Old World and New World wines: What does it mean?

By Erin Ogilvie

Old World wine, New World wine... it's the sort of reference you might have heard at a wine tasting but never really understood.  What do the terms "old world" or "new world" mean, and how can they help you learn more about the wine styles you enjoy?

 

The terms originally referred to the country in which the wine was produced. However, with Old World countries now producing wines that are characteristically New World, it has come to indicate style rather than region.  As a wine lover, you may prefer one over the other, and knowing the difference could open you up to a new world (pun intended) of different varieties and winemakers.

Old World

This term historically referred to wines made by the countries seen as the “original” wine producers, going back thousands of years.  This includes Europe – such as France, Italy, Germany, Spain – and the Middle East – like Turkey, Lebanon, Georgia. 

Old World wines are made using more traditional winemaking techniques, regulated by stricter rules.  For example, all French and Italian wine is structured by a wine classification system.  In Italy, the inclusion of “DOCG”, “DOC”, or “IGT” on wine labels indicates how closely a winemaker has followed production guidelines in a certain region or for a specific variety.  Many Old World Wines are also named based on the region, such as Bordeaux or Burgundy.

When it comes to flavour, Old World wines tend to be more restrained and elegant, with less punchy fruit and a greater focus on spice, herb characters, and minerality or earthiness.  They have lower alcohol and are often more acidic in style.

New World

The New World essentially refers to any colonised country where winemaking was introduced by the coloniser.  This includes Australia, New Zealand, the United States, Chile, Argentina, South Africa, and – a growing player on the global stage – China.

New World wines are said to be more experimental because the regions aren’t dominated by centuries-old rules about how and where certain wines should be produced.  When it comes to flavour, New World wines are typically known to be more “fruit forward”.  They are bright, bold, and powerfully flavoursome, often dominated by younger or riper fruit.  They are less acidic but more alcoholic.

As wine regions, techniques, and tastes have changed, the terms have evolved to refer to the wine style, and knowing which one you prefer can help you experiment with new wines with less risk. 

Phil Hude, owner of Armadale Cellars in Melbourne, told us that he believes, “the line between the Old World and the New is more blurred than ever before.”  We spoke to him about the different styles and how they are evolving.

 

Let’s use a simple example: what’s the difference between an Old World and a New World Shiraz or Syrah?

Cote Rotie is a wine made predominantly from Syrah (aka Shiraz) from the northern Rhone, just south of Lyon. Sometimes co-fermented with Viognier, it is typically a medium bodied wine, with bright red fruit and hints of game, pepper and floral notes.  It is typically lighter in body than other famous Syrah-based wines like Cornas and Hermitage.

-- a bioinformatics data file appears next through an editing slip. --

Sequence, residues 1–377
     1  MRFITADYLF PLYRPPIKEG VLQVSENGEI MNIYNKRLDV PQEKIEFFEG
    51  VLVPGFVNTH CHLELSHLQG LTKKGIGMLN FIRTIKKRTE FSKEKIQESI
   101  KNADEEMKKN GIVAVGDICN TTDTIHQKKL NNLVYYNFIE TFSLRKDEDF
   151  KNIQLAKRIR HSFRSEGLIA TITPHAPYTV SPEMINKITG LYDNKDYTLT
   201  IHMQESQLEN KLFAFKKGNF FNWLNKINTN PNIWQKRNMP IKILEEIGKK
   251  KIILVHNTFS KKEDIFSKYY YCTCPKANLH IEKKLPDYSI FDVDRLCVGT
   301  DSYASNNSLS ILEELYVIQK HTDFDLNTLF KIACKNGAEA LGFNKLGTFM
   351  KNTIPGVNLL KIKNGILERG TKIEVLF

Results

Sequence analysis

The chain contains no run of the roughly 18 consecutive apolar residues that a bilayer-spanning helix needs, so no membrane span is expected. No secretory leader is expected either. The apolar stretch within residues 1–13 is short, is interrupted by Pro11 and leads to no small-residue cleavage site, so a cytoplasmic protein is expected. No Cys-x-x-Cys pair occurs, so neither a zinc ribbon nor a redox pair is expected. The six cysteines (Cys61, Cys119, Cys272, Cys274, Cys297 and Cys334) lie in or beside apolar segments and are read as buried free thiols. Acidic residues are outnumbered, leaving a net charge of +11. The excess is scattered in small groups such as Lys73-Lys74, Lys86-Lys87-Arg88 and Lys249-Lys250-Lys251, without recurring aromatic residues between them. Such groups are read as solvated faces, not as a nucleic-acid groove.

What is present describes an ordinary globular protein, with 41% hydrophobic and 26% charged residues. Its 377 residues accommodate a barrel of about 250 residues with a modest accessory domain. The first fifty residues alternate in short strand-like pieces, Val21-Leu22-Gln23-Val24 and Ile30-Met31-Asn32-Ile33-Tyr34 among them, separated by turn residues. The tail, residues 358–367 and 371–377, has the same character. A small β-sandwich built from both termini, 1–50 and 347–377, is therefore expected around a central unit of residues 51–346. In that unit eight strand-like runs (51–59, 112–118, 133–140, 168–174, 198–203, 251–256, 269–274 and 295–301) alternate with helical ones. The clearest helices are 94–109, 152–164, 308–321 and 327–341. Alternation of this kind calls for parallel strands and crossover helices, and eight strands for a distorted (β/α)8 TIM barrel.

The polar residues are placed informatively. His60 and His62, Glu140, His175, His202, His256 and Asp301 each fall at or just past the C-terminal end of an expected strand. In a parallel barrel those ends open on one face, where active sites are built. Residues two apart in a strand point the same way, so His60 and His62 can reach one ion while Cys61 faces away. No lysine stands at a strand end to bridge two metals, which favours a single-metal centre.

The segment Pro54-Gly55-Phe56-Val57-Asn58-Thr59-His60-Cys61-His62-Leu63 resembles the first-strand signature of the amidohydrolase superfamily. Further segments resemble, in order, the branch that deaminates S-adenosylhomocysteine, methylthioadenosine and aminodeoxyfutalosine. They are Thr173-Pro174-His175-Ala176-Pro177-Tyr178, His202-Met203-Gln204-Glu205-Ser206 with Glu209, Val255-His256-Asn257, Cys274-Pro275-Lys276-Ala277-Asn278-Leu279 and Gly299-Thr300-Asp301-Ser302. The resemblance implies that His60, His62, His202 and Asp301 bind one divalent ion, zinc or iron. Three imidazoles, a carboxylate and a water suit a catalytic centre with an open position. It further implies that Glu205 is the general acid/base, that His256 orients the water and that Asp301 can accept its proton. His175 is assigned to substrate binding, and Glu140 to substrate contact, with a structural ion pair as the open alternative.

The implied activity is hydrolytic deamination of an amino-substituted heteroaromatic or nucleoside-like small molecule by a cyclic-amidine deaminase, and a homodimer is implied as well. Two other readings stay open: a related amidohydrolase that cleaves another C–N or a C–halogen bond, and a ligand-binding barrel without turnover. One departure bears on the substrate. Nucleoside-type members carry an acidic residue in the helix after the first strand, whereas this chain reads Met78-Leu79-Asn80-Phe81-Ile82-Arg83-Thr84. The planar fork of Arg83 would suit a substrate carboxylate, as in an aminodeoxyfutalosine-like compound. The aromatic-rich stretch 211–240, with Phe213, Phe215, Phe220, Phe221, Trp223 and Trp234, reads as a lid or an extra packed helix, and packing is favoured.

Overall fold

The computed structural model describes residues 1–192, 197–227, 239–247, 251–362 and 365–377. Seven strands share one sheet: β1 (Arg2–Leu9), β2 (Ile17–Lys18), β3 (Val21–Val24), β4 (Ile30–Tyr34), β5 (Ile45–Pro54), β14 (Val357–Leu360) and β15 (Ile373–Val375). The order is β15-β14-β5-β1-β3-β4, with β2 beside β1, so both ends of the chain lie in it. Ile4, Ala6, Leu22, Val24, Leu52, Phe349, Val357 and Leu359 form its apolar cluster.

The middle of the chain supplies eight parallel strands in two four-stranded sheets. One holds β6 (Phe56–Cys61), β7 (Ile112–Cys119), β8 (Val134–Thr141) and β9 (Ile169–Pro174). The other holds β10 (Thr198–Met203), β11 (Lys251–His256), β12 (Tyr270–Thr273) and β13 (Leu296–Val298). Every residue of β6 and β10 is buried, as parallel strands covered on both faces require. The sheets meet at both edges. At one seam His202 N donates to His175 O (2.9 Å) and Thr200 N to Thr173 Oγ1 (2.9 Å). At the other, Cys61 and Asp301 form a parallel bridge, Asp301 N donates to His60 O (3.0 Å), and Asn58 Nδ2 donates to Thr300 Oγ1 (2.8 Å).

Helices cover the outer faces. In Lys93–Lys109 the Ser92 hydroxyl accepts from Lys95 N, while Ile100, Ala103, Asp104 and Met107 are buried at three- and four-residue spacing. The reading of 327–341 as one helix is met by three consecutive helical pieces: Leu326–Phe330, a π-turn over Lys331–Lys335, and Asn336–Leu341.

For the New World, traditional Barossa Valley and McLaren Vale Shiraz tend to be full bodied and sweet fruited, with layers of rich blackberry and plum fruit, often overlaid by oak vanillin and spice. But Australian Shiraz varies tremendously depending on the region from which it originates; cooler climate Australian Shiraz is more similar to Syrah from the northern Rhone.

Is it important to know whether a customer prefers Old World or New World wines?

It is fair to say that the Old World sets the qualitative benchmark for most wine styles and grape varieties, and the lines between the two are increasingly blurred. I believe it is more important to establish the style they like (lighter/fuller bodied), the variety, the context they will be enjoying the wine (with or without food, what food), and how much the customer is prepared to spend. 

A customer who drinks full-bodied Shiraz can be potentially led to a southern Rhone red blend. Similarly, a Mornington Peninsula Pinot Noir drinker can be offered a light Nebbiolo from Alto Piedmonte. Part of a fine wine merchants’ skill is to offer customers alternatives and broaden their horizon.

If a customer prefers the Old World style, what Australian regions or varieties would you recommend?

Depending on the variety, I would suggest cooler regions such as Tasmania, the Yarra Valley, Mornington Peninsula, Macedon Ranges, Beechworth and the Adelaide Hills. These areas are recognised for producing savoury, medium-bodied wines, particularly from Chardonnay, Pinot Noir and Shiraz.

Margaret River, Coonawarra and the Yarra Valley are Australia’s best regions for Bordeaux-styled wines, and there are many Grenache-based wines from the Barossa Valley and McLaren Vale that would suit a drinker who enjoys the Old World style.

How about New World style?

For Chardonnay and Pinot Noir, there are many regions in Australia (Mornington Peninsula, Yarra Valley, Tasmania, Adelaide Hills) and New Zealand (Martinborough, Canterbury, Marlborough) that produce high quality expressions.  For Shiraz, you could head to traditional regions such as the Barossa Valley or McLaren Vale.  Other good regions for richly fruited full-bodied Shiraz include Heathcote, Bendigo and Avoca. 

 

Check out Armadale Cellar’s website, or visit them at 813-817 High St, Armadale 3143 for more of Phil’s expertise.

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